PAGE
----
In any case, I'm looking forward to seeing them again in a month or so, and hoping that this is the start of the second chapter of the Lush story.
The top 100 indiepop albums, according to an Italian website. The descriptions are in Italian, though the choices look mostly quite sound. The top 3 are C86, one of the Sarah Records compilations and Belle & Sebastian's If You're Feeling Sinister, which sets the tone and gives an idea of the aesthetic involved. The rest doesn't disappoint: The Jesus and Mary Chain's Psychocandy is #11, #13 and #14 are Orange Juice and The Pastels, Japanese pop band 800 Cherries have #21, The Hummingbirds' loveBuzz takes #55 (and I didn't think anyone outside of Australia had heard of them; perhaps the next one of these that comes out will name-check Clag or Mid-State Orange), meanwhile Lush's Split has #67, Slowdive get #89 (along with what looks like an arch comment about the decline and fall of Creation), and The Radio Dept.'s Lesser Matters comes in at #83.
Pitchfork's list of the 50 most common CDs in secondhand shops, each bagged with Tanya Headon-esque exactitude. The words "shoegaze", "grunge" and references to Dawson's Creek/90210 and aging yuppies disposing of their Lollapalooza merchandise upon moving to the suburbs come up repeatedly. (via VM)
Though I think they were entirely unfair to Lush's Lovelife (a good record, even if it is somewhat more mainstream than Split; tell me that Runaway or Olympia aren't good songs, and 500 (Shake Baby Shake) doesn't have a classic pop appeal).
The time is nigh upon us for the obligatory "top 10 albums of the year" lists (Graham already has his, for example). I'm not going to post my best CDs of 2002 just yet (for one, I'm still not through with all of this year's releases, and am still awaiting a particular consignment from Twee Kitten); however, I am going to do something related, that is, look at the lists for 2001 I wrote up a year ago, here and here, and see how they hold up a year later; which of my picks of the year have stood the test of time, which have fallen by the wayside, and which discs have emerged subsequently as favourites of that particular year. So please allow me this exercise in self-indulgent omphaloskepsis.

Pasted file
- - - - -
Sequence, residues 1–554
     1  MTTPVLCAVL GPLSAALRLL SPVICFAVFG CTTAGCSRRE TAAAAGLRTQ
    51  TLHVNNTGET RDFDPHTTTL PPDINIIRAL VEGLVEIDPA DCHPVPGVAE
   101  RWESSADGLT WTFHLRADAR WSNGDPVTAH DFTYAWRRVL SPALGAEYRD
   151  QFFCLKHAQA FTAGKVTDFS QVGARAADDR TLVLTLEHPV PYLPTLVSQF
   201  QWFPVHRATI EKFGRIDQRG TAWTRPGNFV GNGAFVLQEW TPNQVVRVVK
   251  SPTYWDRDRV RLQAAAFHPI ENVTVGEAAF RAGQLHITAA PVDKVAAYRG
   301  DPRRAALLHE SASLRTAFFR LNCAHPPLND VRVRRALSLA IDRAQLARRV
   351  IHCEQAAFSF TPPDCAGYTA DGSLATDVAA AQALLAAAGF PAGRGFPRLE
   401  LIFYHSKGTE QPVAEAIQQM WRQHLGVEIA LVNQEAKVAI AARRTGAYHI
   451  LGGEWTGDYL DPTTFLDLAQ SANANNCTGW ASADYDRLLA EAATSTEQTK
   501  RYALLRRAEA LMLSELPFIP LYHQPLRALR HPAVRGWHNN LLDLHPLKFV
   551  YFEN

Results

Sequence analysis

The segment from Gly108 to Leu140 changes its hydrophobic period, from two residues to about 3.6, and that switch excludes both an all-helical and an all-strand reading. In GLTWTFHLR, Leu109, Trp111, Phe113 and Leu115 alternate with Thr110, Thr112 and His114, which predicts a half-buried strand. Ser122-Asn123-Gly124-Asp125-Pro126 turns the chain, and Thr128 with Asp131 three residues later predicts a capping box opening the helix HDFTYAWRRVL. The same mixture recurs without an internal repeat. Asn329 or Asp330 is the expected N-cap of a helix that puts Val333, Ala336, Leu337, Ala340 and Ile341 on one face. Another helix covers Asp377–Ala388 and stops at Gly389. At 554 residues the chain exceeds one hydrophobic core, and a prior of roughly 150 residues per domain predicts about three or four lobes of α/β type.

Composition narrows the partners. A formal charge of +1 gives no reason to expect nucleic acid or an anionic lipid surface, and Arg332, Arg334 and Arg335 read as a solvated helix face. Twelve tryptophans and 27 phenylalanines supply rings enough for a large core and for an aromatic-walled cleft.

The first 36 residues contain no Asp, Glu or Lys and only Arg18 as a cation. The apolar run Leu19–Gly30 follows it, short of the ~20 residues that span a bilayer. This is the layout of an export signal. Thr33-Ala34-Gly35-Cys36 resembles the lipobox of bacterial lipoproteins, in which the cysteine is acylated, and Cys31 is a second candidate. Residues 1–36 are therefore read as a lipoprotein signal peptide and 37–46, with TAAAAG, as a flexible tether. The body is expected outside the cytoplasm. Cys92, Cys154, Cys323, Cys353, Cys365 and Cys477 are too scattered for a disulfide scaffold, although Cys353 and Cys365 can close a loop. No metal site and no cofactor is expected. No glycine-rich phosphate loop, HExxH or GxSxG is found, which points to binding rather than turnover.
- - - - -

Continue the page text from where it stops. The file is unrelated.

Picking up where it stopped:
Firstly, the RAN list:
- New Buffalo, About Last Night. I'm still rather fond of this quirky little EP, though haven't listened to it much lately. (Apparently, Sally's off in LA recording an album with EMI/Capitol money. Hopefully they won't turn her into Danielle Spencer or Geri Halliwell or some generic pretty girl singer, though history doesn't give one many reasons to be optimistic.)
- Lush, Ciao! Best Of. Haven't listened to it, but have since then picked up the entire Lush back catalogue, plus some unreleased MP3s. Split and Lovelife still get played every so and so (in fact, I'm listening ti Split right now, and it was one of the discs I burned to CD-R and took to London with me.) As such, Ciao! has done its work admirably.
- Radiohead, Amnesiac. Still gets played every now and then; though of the Radiohead back-catalogue, OK Computer gets the most play around here.